Indeed, Out-of-the-Money options do precisely the opposite.

They have a higher decay before 30 days, and from 30 days on, that decay slows down.

So you understand that when we sell Delta10s with 1-month maturity, we do precisely the opposite of what should be done.

And not only that. Another aspect that makes me want to work with longer maturities, for example, is related to Gamma.

Gamma is a second-degree Greek value of options, which is, to simplify it, the curvature of the “At Now” curve.

So, the greater Gamma is, the greater the curvature of our current payoff and the more unstable the strategy is.

It just doesn’t take too much movement in the underlying asset to go into loss.

When we work on short expirations we'll always have a high Gamma, which means that our strategies will be much more unstable than other strategies with long maturities.

That makes us monitor the strategies and intervene more often, and that's something that I honestly don't like very much.

But I don't know, maybe that’s just a little bit more of a personal aspect.

Strategy automated backtest

At this point, I want to show you a little backtest that was done using an automated options backtest platform called "Get Volatility."

In the test, we’re selling an Iron Condor at Delta10 versus Delta5, duration 30 days held for 15 days and closed with a 75% profit.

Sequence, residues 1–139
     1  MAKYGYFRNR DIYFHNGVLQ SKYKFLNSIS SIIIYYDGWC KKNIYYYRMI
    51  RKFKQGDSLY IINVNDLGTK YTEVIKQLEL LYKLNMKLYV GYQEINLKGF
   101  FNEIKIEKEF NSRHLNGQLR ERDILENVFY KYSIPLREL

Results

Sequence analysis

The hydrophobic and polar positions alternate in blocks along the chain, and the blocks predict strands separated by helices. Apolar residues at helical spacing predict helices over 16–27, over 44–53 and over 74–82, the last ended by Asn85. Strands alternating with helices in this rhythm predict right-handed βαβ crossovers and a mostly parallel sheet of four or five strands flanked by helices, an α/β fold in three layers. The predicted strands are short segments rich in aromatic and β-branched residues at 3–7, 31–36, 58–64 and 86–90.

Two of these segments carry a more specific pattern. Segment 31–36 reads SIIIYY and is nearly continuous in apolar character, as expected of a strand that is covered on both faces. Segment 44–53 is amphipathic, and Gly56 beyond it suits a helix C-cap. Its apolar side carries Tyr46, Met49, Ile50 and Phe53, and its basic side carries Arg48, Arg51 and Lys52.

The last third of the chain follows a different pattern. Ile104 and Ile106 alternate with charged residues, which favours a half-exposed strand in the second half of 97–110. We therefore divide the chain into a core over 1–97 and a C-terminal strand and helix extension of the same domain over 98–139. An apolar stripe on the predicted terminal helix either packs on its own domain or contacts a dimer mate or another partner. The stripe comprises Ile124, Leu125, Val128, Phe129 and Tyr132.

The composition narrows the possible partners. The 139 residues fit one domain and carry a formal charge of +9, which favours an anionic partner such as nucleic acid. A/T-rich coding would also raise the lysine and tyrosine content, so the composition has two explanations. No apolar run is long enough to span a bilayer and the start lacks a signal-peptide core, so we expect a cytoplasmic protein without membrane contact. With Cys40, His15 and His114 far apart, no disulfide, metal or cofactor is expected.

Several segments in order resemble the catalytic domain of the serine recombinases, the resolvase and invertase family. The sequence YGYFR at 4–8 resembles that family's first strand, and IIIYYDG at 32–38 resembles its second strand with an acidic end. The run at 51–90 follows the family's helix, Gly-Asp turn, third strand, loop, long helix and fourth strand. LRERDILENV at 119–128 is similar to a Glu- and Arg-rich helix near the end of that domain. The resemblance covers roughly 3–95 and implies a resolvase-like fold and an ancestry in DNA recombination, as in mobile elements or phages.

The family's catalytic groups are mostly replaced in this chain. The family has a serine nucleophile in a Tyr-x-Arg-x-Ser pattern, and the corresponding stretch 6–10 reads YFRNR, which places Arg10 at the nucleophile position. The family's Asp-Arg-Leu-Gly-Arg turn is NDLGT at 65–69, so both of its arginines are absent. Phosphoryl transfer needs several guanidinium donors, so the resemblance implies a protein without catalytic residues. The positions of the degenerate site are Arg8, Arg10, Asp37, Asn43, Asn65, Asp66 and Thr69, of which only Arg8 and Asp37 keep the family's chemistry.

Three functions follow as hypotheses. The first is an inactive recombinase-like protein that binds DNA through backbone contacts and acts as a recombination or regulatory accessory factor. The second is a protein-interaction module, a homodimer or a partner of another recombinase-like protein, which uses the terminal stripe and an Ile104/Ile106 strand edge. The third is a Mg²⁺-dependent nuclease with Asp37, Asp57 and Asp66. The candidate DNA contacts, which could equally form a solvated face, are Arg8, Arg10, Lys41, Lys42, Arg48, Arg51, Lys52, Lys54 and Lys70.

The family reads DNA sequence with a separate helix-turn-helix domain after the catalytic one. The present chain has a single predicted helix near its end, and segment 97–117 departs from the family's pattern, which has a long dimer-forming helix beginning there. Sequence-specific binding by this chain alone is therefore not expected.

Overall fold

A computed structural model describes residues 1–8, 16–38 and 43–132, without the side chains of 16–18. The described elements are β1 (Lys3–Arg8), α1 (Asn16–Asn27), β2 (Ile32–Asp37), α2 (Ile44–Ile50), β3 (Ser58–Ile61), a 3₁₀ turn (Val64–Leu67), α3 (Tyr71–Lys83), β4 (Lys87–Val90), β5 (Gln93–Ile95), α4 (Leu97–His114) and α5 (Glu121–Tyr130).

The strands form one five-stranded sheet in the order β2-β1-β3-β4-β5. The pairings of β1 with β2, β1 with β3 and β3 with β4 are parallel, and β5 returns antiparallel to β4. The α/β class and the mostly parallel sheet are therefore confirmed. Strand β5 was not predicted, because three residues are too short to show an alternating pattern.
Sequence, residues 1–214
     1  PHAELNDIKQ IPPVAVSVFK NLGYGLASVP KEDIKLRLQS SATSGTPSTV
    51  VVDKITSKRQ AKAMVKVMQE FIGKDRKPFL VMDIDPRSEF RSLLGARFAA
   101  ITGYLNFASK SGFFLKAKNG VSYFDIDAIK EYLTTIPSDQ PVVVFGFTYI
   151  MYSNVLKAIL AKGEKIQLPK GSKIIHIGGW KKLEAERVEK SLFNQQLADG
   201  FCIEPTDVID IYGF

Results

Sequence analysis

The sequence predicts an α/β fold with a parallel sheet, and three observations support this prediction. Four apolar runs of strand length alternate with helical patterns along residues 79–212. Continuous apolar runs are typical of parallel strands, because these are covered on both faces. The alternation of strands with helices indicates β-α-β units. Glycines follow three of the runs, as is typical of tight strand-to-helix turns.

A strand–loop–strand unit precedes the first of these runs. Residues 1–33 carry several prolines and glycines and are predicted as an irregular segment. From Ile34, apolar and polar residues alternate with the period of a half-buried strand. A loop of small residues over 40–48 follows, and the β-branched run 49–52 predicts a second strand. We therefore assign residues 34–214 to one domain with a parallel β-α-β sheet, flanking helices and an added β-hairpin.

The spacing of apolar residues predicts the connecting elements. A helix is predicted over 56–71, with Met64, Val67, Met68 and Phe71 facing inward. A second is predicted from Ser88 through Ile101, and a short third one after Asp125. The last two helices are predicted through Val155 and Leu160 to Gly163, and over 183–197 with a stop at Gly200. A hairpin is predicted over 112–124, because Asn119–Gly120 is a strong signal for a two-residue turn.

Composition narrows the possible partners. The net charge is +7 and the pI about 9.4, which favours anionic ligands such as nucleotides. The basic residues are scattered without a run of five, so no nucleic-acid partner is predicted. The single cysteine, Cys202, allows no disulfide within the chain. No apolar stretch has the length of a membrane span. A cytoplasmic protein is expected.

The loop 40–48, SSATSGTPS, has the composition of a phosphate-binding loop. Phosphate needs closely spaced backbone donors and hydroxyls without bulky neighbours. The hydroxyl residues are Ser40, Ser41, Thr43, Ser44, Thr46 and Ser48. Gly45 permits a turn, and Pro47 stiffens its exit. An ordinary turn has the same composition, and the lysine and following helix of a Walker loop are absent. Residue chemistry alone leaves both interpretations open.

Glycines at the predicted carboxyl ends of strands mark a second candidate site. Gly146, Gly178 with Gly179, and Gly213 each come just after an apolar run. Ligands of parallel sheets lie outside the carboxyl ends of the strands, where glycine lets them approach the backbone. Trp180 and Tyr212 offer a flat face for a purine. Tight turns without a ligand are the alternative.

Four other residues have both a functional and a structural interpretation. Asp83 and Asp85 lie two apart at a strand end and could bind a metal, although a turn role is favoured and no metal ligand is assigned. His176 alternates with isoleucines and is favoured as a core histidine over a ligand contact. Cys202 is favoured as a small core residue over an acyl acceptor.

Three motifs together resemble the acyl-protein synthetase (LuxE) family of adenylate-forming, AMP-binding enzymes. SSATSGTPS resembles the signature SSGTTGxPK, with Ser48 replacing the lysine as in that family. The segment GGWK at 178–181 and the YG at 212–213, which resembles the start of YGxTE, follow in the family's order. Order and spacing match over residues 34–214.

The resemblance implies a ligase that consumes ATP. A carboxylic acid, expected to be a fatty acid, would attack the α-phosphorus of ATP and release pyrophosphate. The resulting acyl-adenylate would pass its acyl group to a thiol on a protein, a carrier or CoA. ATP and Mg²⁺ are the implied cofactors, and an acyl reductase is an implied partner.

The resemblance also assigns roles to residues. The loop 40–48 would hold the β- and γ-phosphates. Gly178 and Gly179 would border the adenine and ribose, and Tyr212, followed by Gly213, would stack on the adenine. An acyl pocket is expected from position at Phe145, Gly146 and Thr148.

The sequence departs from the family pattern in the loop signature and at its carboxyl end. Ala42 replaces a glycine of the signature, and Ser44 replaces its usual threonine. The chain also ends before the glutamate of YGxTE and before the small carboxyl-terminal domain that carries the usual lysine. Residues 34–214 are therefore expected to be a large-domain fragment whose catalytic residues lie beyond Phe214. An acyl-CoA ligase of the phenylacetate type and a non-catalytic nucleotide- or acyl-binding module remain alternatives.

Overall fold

As you can see, the strategy is profitable but, from 2018 to date, it made a very small profit.

And not only that. It’s visible during the Covid period how this strategy has thrown away months of profit, although not particularly important, in a very short time.

Then it was able to recover just because we were in a period of high volatility. So, Iron Condor certainly benefited from being opened during periods of high volatility, and it took us four years, or almost five years, to be back in profit compared to the initial value.

So, over the long term, the strategy isn’t particularly successful, at least not with these rules.

Final thoughts

Now, that said, I'll leave you with a suggestion: if you’re truly interested in Iron Condor I’d advise you to work, if you’re working at 30 days, with options closer to Out-of-the-Money.

I’d even advise you to extend the expiration, so work with longer expiration dates precisely because that gives you more time to intervene.

So that you aren’t forced to sit in front of the monitor all the time to manage the strategy.

Not only that, always remember that our Iron Condor structure would be inherently unbalanced if we opened it with strikes… with credit spreads with the same distance between them, between Call and Put.